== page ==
“Oh yes, Maisy it would be really lovely if you could help us get our house back down on the ground where it belongs,” shrieked the frightened little mouse family, “But how do you think you will do it?”
“I’ll tell you after you tell me how your little house got up in the tree.”
“Well, last night it was so windy that after we had all gone to bed the wind picked us all up and blew us up here. We didn’t know till Mummy mouse looked out this morning and saw where we were. We’ve been so frightened, waiting for someone to come and help. We’re so glad you came by. Now, how can you help us?”
“Oh, it’s easy she trumpeted in reply, “I’ll huff and I’ll puff and I’ll blow your house down.”
I had one impulse, it consumed my desire. I was dangling on a gossamer thread that was tethered high above my head. I stared up, fixing my eyes on the branch, not daring to look down. Out of the corner of my eye I could see all of my siblings starting to move upwards. A relentless tide of greenish-yellow bodies, each hoping to be the first to reach the succulent leaves that had overnight covered the branches of the birch tree, our ultimate goal. We all moved with one intent, to eat the sweet-tasting, luxuriant, green parcels of protein. Within minutes I had reached the smooth bark and I knew I would have to start eating the leaves. I would eat until my body felt like bursting at the seams. It was time to spread out along the branches as they became thinner, gradually dwindling to bushy growth.
I looked around and realised trouble was brewing. Small yellow birds had noticed that there was now a bounty of food and they were able with very little effort to pick up beak-fulls of juicy bodies that they could carry back to their nests. Each nest full of ravenous mouths chattering and clamouring to be fed. We would be an easy meal for the little chicks to digest and grow. I slunk along the twig trying to keep by body as low as possible, hoping not to be noticed before I reached the shelter of the leaf clumps. Then I could satisfy my hunger.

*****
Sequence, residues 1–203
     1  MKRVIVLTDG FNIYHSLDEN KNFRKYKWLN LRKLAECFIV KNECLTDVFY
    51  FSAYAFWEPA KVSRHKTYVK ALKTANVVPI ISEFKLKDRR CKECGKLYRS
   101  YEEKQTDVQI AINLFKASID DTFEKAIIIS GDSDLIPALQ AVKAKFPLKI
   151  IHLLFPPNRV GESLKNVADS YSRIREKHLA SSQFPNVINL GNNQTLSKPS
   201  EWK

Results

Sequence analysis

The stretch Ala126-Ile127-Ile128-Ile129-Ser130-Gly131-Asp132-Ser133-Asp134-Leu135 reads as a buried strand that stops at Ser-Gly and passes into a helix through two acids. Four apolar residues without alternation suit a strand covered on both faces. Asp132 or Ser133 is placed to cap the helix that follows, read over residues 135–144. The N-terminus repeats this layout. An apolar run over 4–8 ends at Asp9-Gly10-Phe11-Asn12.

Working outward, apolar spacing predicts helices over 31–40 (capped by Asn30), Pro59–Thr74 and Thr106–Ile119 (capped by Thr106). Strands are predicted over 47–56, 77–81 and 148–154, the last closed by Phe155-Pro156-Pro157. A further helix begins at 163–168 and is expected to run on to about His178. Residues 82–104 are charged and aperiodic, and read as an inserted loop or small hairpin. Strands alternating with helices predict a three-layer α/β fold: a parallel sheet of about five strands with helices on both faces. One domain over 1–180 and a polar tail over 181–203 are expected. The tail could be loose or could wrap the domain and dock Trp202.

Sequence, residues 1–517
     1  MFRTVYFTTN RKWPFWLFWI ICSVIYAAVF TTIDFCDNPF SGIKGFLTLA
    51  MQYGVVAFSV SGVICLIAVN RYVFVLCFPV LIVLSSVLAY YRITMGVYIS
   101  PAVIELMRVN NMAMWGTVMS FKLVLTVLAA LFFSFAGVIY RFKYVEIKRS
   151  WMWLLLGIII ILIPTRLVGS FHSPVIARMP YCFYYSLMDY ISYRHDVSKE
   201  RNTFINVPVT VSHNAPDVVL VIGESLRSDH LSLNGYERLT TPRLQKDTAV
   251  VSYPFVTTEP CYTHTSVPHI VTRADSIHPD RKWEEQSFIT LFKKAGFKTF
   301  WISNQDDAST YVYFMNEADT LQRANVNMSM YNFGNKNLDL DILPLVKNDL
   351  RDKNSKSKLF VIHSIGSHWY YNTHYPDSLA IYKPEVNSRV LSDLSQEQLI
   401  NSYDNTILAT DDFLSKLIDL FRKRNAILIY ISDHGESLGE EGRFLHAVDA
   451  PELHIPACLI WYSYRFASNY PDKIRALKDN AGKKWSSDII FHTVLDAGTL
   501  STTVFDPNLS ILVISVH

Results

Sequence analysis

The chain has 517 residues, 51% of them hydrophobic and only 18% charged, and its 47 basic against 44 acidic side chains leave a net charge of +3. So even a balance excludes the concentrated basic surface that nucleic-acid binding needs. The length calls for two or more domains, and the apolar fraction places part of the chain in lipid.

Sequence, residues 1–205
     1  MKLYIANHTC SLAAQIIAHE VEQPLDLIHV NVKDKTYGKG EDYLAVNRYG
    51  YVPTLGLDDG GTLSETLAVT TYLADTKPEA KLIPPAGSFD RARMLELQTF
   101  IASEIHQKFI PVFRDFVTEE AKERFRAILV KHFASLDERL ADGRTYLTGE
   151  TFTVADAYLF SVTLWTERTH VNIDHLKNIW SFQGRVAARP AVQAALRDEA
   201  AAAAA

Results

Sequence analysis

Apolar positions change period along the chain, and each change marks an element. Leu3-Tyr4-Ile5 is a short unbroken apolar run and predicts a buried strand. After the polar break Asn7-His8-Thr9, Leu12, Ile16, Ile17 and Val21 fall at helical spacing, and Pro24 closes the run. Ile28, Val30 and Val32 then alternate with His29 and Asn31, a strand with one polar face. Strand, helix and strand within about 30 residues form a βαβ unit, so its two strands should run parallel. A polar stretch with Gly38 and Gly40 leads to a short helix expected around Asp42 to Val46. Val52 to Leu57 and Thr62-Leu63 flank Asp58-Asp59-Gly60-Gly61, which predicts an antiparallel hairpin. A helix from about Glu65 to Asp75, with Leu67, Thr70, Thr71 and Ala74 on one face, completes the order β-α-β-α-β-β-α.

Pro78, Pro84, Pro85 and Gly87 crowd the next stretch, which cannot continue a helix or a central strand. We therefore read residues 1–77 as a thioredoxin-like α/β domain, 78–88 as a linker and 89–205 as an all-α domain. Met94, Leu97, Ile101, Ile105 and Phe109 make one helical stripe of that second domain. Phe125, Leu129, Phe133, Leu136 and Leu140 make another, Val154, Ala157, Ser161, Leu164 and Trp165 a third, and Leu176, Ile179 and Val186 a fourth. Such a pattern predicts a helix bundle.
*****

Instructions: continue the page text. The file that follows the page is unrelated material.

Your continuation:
I started on the leaves nibbling away at the juicy green leaf-edges. Drawing myself up and then stretching out to take the next mouthful. Delicious! After a few hours, during which I managed to consume at least forty times my own weight of food I knew it was time to sleep. I hooked my claws into the bottom of an uneaten leaf and rapidly fell asleep. For the next few days I woke early and spent all of the daylight hours eating, hiding from the birds and retiring to sleep as it started to darken.
On the fourth morning I awoke after a restless night and it felt as though someone had wrapped me in a thick cloak. I twisted , turned and kicked until I managed to break free. I poked my head out of a strange-smelling, brown tube. I was exhausted so I just sat and rested It was then that I noticed my body had changed. My head was bigger, my eyes were brighter. My heartbeat was stronger and there were two growths on my shoulders. They got bigger and bigger . Wings! Somehow during the night I had managed to rebuild my body and I could fly for I was now a butterfly. Now there was no time to eat but another urge surged through my beautiful body.
”I have only one way out.”
How I wish she’d look up and read my proposal